In possession, it’s looked a lot better to the eye. Arteta has tweaked the shape quite a few times, but it’s clear he likes one principle from his old boss. Guardiola is always keen to have a sort of “3-2” shape to go into at the back to shield against counters. As İlkay Gündoğan once explained it, "we always want to be in the position with three [defenders], two [players in central areas] and then the two attacking midfielders because that makes the game easier for us”. At Manchester City in 2017/18 for example (a year when Arteta was assistant), he would on paper be playing a 4-3-3, with a back four of Kyle Walker, John Stones, Nicolás Otamendi and Fabian Delph while Fernandinho sat in front of them as the defensive midfielder. But in practice, Delph would then push up into midfield to form a double pivot with Fernandinho while Walker shuffled along to become a third centre back. Half the time, it looked more like they were playing a 3-4-3 than a 4-3-3.
In the last couple of games, Arteta has done it the other way round, starting with a 3-4-3 shape that can adjust. Against Southampton, that meant Shkodran Mustafi and Kieran Tierney either side of Rob Holding, but Tierney often shuffled over to more of a left back position, with right wing-back Héctor Bellerín dropping in to make it a back four. At Sheffield United, the personnel changed a bit. David Luiz sat in the middle of the back three (recalling his career best season under Antonio Conte), Ainsley Maitland-Niles came in for Bellerín, Tierney was moved up to the left wing-back role and Sead Kolašinac took that left centre back spot. But the idea was the same. The principle remains while the players change.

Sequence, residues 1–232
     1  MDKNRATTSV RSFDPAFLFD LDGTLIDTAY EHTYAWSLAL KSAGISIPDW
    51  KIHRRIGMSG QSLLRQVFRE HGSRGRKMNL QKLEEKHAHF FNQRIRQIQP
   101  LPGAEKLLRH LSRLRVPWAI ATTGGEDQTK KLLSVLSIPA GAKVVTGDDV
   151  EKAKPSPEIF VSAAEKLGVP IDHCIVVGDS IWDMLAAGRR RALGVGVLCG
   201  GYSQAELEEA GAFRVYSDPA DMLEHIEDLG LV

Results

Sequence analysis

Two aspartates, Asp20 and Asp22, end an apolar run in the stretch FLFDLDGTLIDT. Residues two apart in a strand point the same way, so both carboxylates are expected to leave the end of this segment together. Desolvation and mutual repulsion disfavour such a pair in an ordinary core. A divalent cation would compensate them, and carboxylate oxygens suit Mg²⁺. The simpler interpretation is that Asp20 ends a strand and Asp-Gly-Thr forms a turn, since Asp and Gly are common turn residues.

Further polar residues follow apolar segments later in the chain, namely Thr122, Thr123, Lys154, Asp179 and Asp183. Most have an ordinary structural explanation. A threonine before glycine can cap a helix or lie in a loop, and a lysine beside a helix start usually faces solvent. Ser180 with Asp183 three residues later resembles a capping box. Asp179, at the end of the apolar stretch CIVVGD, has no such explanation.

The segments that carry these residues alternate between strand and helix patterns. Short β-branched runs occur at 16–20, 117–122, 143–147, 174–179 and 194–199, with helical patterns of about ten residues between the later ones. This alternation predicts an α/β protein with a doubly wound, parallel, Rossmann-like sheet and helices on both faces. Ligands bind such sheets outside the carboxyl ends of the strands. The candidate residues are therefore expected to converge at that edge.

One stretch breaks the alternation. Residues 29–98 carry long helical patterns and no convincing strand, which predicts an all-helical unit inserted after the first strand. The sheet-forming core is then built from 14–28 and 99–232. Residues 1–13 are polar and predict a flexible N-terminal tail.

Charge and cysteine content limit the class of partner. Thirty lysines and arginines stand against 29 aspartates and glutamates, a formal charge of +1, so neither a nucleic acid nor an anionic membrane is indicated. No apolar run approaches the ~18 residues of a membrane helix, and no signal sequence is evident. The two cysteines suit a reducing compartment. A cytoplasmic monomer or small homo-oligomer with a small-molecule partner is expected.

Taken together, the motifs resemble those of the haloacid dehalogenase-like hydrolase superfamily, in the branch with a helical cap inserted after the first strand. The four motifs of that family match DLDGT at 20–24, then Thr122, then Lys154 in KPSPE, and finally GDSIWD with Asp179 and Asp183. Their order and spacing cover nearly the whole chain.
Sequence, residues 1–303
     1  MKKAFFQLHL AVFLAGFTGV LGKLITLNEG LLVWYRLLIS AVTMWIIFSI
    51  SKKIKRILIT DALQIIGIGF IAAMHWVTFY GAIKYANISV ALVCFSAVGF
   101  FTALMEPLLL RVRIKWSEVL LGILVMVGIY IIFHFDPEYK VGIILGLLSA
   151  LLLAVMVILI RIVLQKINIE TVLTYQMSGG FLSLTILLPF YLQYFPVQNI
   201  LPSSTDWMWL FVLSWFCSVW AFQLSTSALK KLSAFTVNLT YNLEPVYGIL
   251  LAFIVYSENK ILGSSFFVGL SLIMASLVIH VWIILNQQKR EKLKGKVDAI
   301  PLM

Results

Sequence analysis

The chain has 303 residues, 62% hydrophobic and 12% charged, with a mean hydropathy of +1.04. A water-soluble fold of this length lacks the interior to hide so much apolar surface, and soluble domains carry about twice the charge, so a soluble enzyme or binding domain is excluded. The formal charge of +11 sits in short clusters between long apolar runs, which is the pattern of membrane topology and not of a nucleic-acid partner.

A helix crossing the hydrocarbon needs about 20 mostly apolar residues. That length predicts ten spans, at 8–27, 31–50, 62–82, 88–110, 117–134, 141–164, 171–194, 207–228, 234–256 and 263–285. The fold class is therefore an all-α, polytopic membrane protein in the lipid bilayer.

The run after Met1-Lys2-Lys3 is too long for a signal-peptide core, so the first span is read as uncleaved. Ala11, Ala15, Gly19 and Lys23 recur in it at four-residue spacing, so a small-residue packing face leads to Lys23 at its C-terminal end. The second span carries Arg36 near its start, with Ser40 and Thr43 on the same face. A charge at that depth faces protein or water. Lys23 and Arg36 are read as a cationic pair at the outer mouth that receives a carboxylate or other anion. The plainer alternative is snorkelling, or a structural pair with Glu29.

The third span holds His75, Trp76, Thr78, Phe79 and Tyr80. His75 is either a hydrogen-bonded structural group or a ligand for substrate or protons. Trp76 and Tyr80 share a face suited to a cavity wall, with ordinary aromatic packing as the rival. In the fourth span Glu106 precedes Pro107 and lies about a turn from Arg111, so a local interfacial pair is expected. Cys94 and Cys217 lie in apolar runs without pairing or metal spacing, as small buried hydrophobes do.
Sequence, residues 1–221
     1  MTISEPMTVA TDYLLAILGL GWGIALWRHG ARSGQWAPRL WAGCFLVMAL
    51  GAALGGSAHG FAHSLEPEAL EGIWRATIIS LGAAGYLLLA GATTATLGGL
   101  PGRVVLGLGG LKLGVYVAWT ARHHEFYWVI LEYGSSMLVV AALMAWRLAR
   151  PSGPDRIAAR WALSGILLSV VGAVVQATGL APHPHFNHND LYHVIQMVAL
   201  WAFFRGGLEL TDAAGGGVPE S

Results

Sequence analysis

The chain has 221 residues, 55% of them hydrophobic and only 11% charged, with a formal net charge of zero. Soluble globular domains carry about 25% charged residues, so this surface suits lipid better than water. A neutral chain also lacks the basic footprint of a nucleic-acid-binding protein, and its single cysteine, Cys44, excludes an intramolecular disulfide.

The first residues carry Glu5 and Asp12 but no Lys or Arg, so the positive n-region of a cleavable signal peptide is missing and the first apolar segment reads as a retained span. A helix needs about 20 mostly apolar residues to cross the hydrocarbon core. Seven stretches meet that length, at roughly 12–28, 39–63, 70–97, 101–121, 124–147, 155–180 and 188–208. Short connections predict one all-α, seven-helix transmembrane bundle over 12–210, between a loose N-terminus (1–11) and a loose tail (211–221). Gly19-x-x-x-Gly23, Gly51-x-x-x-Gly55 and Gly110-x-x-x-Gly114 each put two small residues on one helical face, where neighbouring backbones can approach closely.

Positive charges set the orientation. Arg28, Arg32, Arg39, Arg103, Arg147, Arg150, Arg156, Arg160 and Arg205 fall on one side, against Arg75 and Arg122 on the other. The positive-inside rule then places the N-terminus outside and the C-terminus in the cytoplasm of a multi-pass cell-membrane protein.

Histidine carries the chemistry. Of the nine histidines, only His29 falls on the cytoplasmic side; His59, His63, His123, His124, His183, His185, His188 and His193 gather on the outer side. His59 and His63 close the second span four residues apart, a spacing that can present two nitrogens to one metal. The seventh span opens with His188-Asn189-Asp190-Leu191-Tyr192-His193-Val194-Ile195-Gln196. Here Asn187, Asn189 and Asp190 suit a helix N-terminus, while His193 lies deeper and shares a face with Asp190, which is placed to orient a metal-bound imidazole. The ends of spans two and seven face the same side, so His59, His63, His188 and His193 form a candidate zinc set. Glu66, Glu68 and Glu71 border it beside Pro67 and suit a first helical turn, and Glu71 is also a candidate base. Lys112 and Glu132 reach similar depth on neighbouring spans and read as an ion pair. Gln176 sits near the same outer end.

This is all much more subjective, but it does feel like some progress is being made in terms of what Arteta wants. It takes time to coach really good passing patterns and you could see some of the work done against Sheffield United. Luiz remains, throughout everything else, extremely adept on the ball. A key to so much with juego de posicion is being able to stretch the pitch and make use of both flanks. “You overload on one side and draw them in so that they leave the other side weak”, a certain famous practitioner of the style said. “And when we've done all that, we attack and score from the other side”. With this Arsenal shape, the wing backs are key, able to stay in position as wide outlets as everyone else takes up a more inside role. And the club have really good options in these positions. Bukayo Saka is looking like a superb all rounder who might suit left wing back best of all, while Tierney is very comfortable either there or as a left centre back. A post-injury Bellerín might benefit from not having to use his recovery speed quite so often, and he’ll be challenged by Maitland-Niles, who can use his strengths more often than his defensive errors. It’s probably the area of the pitch where Arsenal have the most depth, so they’re right to make use of it.